Another one of America's pioneering heroes has fallen victim to pancreatic cancer. Just last fall, it was digital pioneer Steve Jobs. On Monday, it was America's first female in space, astronaut Sally Ride.
Ironically, news of Ride's death in La Jolla on Monday reached us the day before what would have been the 115th birthday of another American aviation pioneer, Amelia Earhart.
Earhart, of course, was the first woman to fly across the Atlantic Ocean, which earned her the prestigious U.S. Distinguished Flying Cross. She famously disappeared over the Pacific Ocean in 1937 in an attempt to circumnavigate the globe.
Ride was no less of a trailblazer than Earhart. She became the first of -- so far
Yes, the same shuttle that met a tragic end three years later, blowing up off the coast of Florida a few minutes after takeoff.
Ride was on the commission that investigated that horrible accident as well as the commission that investigated the 2003 Columbia disintegration. She is the only person to serve on both panels.
Ride held a doctorate from Stanford University and was a professor of physics at UC San Diego.
NASA Administrator Charles Bolden, a former astronaut, said Ride "broke barriers with grace and professionalism -- and literally changed the face of America's space program."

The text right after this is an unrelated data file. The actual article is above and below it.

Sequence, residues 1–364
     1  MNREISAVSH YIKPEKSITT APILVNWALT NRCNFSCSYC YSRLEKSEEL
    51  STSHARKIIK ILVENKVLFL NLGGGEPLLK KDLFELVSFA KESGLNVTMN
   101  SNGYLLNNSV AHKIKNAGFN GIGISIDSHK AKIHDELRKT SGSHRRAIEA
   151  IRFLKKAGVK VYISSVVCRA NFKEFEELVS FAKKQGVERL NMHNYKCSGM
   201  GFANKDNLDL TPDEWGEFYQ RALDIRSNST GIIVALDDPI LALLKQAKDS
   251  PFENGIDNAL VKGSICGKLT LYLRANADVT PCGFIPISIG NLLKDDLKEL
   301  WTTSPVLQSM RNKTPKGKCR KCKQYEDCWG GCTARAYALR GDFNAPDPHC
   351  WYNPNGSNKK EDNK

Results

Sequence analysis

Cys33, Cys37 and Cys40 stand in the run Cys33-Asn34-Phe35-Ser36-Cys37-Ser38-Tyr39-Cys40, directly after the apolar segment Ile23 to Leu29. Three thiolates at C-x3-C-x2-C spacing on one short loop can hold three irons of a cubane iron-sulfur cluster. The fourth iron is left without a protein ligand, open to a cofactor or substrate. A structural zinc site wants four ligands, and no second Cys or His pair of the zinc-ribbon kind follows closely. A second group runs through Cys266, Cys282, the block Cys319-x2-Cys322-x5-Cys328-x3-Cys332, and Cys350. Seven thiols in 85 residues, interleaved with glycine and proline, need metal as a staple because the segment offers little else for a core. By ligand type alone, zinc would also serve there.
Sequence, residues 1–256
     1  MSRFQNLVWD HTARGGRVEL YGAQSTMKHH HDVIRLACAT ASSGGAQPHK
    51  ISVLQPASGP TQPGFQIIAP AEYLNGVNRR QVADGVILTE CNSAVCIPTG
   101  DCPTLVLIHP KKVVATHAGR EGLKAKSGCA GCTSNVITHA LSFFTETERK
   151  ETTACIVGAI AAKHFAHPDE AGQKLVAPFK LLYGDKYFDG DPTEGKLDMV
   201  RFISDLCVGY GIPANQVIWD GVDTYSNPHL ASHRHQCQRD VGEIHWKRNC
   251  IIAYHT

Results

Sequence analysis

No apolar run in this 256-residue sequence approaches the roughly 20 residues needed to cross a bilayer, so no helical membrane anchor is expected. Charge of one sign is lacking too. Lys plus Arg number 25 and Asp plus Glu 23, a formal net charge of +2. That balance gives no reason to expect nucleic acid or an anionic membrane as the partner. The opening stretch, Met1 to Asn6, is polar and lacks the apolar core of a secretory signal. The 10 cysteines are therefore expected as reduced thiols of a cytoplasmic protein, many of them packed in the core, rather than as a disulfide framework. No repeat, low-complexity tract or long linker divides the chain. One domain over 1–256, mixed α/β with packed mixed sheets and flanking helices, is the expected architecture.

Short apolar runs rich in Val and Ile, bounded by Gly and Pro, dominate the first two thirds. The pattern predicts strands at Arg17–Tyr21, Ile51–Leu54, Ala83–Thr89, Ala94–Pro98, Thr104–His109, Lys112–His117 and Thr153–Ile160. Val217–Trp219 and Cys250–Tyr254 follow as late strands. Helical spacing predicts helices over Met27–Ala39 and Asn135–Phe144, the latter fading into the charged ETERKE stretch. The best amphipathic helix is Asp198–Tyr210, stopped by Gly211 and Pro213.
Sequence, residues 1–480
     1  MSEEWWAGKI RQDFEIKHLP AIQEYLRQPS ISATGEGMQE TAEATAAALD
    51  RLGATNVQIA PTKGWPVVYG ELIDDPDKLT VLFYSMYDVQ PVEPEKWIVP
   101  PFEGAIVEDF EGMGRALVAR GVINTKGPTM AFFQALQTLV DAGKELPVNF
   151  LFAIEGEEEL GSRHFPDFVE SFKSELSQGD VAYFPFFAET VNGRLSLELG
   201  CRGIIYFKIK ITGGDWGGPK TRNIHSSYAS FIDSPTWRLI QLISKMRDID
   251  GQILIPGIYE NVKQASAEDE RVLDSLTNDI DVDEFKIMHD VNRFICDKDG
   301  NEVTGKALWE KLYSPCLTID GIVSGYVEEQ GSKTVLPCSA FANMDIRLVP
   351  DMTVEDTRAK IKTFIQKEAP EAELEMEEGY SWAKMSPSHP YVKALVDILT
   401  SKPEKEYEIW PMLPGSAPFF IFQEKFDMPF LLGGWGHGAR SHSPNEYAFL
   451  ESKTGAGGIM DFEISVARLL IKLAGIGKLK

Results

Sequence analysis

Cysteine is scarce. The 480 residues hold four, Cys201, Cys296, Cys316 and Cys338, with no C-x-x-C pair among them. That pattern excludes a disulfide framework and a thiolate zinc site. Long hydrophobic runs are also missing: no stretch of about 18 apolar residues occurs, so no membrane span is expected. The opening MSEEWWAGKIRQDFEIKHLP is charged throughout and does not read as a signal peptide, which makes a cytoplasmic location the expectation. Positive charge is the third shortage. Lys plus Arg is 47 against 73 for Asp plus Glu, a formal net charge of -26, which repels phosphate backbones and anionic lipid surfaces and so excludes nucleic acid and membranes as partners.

And that she did.
She made public appearances not for self-aggrandizement but to promote NASA and science education. Ride chose to be what she was at heart -- a science geek, an explorer and a teacher.
As Earhart had done before her, Ride's accomplishments helped encourage a generation of young girls that science was a marvelous tool to help them reach new heights. In both cases, our nation was better for it.
Ride wrote five science books for children and was president of her own company, Sally Ride Science.
It was through that company that Ride left a lasting legacy for America's middle school children. Sally Ride Science was the driving force behind mounting cameras on NASA's twin Grail spacecraft, which, among other things, allows middle school students to take their very own pictures of the moon. We find that to be pretty darn cool.
In her two flights aboard Challenger in 1983 and 1984, Ride logged a total of 343 hours in space. But in all of that time with her head spent above the clouds, it seems to us that she always kept her feet planted firmly on the ground.
Ride's friends and family should know that a grateful nation will miss her calm and quiet leadership.
Godspeed, Sally Ride.
Go to www.contracostatimes.com/opinion and click on this editorial
for a photo gallery and video tribute to Sally Ride.